Best Probiotics for Anxiety

When humans are given specific strains of probiotics, their anxiety improves as does their HPA axis function. (5) The strains of probiotics used in this study (Bifidobacterium longum R0175 and Lactobacillus helveticus R0052) can be found in two products in the United States: Pure Encapsulations’ ProbioMood (which you can purchase in my supplement dispensary) and Xymogen’s Probio Defense.

Prebiotics for Anxiety

Prebiotics, which feed healthy gut bacteria, are also useful for anxiety. Stress-related disorders seem to respond to the prebiotic GOS (galactooligosaccharide) in particular, which help the HPA axis to function appropriately in addition to making us pay more attention to positive stimuli vs negative stimuli. (6) My go-to GOS prebiotic is Galactomune from Klaire Labs, which you can purchase in my dispensary.

Best Diet for Anxiety

Eating a healthy, ancestral diet is also associated with lower anxiety scores, while Westernized diets are associated with the opposite effect. (7) This is thought to be due to many factors including inflammation, but also to the effects of these diets on the microbiome. Another reason to keep up your healthy diet!

The Gut-Brain Connection

The microbiome and the brain operate on a bi-directional axis, meaning that the gut affects the brain and vice versa. Because of this, anxiety and gut problems can be a vicious cycle where anxiety  makes you more likely to develop dysbiosis (the imbalance of gut bacteria) and dysbiosis makes you more likely to suffer from anxiety. But dealing with both conditions simultaneously (i.e. treating dysbiosis and reducing stress to the degree you can) can help alleviate both problems. To learn more about stress and its impact on the gut, check out my article on the topic here.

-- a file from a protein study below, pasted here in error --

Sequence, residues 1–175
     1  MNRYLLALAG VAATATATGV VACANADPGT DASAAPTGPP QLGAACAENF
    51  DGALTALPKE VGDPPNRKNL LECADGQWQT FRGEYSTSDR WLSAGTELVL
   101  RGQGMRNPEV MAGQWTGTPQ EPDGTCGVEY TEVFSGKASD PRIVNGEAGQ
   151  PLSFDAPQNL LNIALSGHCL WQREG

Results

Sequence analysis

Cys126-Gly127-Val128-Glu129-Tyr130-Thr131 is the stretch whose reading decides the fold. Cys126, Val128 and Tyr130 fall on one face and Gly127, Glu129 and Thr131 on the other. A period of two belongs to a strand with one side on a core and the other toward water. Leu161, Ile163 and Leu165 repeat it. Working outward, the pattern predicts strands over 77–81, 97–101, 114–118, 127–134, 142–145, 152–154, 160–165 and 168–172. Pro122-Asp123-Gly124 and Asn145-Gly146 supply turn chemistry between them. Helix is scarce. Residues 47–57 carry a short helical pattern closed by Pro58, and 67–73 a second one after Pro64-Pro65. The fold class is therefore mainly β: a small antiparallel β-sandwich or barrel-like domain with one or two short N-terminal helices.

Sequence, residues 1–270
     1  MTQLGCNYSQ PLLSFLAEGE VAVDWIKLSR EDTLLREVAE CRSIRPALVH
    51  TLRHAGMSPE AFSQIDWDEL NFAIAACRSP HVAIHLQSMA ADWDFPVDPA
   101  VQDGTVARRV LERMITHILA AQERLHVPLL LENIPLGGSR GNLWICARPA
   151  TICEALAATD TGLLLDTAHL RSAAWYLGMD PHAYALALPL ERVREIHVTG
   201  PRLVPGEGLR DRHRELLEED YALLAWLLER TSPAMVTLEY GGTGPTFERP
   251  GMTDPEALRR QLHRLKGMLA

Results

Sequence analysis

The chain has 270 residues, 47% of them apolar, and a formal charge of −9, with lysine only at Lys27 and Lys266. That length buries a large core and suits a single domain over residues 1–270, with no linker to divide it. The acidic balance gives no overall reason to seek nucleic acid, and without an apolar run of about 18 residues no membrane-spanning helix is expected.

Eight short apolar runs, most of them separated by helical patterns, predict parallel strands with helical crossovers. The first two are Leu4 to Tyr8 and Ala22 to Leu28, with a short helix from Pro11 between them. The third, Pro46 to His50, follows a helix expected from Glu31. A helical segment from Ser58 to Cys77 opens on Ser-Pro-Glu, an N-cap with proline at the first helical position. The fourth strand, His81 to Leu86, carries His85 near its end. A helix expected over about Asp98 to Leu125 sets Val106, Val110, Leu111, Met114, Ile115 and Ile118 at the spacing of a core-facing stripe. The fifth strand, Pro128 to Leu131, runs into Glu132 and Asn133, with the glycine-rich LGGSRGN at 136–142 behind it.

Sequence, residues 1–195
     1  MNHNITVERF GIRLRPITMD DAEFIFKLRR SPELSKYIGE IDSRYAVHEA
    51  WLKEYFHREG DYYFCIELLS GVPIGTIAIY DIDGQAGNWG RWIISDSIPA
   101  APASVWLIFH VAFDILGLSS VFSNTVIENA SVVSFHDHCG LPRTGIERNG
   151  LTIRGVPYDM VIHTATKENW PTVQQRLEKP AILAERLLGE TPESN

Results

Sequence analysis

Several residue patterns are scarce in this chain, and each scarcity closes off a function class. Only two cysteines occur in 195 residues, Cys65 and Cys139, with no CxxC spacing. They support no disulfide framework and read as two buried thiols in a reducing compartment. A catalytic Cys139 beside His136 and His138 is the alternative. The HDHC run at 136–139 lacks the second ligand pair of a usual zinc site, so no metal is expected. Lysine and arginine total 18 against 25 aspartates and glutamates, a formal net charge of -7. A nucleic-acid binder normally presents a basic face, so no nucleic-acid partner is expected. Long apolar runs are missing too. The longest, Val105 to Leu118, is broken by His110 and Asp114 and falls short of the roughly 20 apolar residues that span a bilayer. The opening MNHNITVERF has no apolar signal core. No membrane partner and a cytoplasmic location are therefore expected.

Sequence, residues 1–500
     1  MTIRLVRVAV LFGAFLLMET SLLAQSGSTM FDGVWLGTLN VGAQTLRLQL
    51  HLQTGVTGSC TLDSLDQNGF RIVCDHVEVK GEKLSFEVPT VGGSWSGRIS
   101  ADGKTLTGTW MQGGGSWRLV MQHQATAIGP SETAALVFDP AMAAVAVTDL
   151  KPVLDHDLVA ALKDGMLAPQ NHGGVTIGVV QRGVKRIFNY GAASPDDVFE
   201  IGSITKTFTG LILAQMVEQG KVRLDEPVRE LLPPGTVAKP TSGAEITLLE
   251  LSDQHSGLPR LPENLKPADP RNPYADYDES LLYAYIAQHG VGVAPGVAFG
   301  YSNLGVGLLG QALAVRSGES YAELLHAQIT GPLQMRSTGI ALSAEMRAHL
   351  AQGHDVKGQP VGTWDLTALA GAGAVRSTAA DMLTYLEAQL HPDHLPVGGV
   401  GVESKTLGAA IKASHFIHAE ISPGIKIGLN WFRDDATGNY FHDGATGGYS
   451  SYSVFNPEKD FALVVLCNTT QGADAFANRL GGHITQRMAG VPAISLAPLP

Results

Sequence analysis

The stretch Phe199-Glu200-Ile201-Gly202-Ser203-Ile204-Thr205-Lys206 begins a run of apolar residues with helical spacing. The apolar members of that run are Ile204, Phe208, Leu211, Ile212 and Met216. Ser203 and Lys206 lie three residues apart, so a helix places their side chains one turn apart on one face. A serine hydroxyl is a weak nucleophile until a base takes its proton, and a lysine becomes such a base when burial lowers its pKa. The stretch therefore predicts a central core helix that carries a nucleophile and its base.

While anxiety can be a difficult diagnosis to deal with, there is more and more research coming out every day about the relationship between anxiety and the microbiome. If you suffer from anxiety, your treatment plan should definitely address any problems in the gut!

Gut Health and Anxiety: How to Improve Anxiety by Improving Your Gut

To recap, those with anxiety should focus on:

  • Reducing stress as much as possible by incorporating mind-body activities like meditation, yoga, etc
  • Testing and treating for dysbiosis with a trusted practitioner (I can help!)
  • Adding probiotics to their routine, in particular the Bifidobacterium longum R0175 and Lactobacillus helveticus R0052 strains  which can be found in the probiotic supplements ProbioMood and Probio Defense.
  • Adding prebiotics, especially GOS, which has shown to have a positive impact on the HPA axis and anxiety. Try Galactomune to get more GOS in your diet.
  • Eating a healthy, ancestral diet consisting of fruits, vegetables, meats, nuts, etc. (e.g. a Paleo diet!)

Now I want to hear from you: what have you done to combat your anxiety? Are you focusing on the gut?